The BBC Internet Blog has a post on search engine optimisation in BBC News.
Martin Asser, senior product manager, news & knowledge, BBC Future Media, shares advice that he gives BBC journalists.
I have given colleagues a four-point checklist for their headlines as the most effective way of making that happen. (As long as they follow the basic principles of journalistic storytelling, the rest should take care of itself.)
The points are:
1. Use words that people would use in search in order to find the information being provided
2. Avoid words that people would never use in search to find that content
3. Put the most searchable elements at the front
4. Proper names are often used in search, so – following rules 1 and 3 – names should be included in the headline and if appropriate at the front.
It is worth reading the full post, which expands on the points. It is also interesting to note the maximum length of a BBC headline is 55 characters.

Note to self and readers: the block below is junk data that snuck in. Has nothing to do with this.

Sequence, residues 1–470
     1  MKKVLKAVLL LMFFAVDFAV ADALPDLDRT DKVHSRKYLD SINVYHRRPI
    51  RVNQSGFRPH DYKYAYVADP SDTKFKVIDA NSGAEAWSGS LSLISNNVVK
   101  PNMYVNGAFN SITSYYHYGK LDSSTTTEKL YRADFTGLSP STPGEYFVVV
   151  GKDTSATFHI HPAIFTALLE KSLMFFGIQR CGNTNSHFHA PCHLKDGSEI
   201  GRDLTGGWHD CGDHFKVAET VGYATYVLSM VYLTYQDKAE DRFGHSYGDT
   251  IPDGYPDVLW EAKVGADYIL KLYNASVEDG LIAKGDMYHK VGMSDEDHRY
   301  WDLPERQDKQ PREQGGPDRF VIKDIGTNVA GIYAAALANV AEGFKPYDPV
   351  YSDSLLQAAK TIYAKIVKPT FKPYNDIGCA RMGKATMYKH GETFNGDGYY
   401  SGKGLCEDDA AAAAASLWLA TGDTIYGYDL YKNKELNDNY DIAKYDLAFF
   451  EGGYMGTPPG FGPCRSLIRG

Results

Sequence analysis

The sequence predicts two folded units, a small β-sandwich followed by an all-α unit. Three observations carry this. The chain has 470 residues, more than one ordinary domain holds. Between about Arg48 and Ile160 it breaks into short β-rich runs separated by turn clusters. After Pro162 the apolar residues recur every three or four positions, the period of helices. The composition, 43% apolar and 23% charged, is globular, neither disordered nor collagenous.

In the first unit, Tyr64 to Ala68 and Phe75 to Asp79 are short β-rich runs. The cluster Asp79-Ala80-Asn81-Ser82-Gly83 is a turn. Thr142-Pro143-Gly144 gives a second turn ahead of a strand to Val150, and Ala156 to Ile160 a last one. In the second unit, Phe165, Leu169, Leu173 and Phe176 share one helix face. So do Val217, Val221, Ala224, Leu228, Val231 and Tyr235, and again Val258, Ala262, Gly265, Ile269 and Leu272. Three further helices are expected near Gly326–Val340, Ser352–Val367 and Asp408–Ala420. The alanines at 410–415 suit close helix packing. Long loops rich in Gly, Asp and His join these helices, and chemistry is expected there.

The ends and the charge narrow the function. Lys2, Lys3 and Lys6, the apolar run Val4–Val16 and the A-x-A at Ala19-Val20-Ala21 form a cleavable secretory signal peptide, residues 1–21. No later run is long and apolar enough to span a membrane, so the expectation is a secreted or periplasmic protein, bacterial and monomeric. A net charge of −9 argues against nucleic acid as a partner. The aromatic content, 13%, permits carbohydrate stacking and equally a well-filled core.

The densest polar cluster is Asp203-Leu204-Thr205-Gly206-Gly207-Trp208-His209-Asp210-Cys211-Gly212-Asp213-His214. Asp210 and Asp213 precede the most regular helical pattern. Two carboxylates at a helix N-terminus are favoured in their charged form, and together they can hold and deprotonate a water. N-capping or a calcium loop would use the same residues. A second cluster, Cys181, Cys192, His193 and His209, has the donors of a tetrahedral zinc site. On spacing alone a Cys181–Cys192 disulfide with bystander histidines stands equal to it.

Journalists are given 55 characters (including spaces) to express their creativity, a length chosen because it equates to the space allocated for the page title on a Google search results page.
And it’s worth reading to the bottom of the post for the hedgehog headline.
Also see our guide on how to write headlines for SEO.
Journalism.co.uk runs a one-day course in SEO. Details are at this link.
If you have a tip you would like to submit to us at Journalism.co.uk email us using this link.
- Five tips for writing an effective press release
- Newmediabytes: How to write web headlines that catch search engine spiders
- Bloggasm: How much original reporting on HuffPo’s front page?
- NYT: Will an obsession with SEO kill off the clever headline?
- The LA Times on the role of its SEO chief – ‘the key is feedback’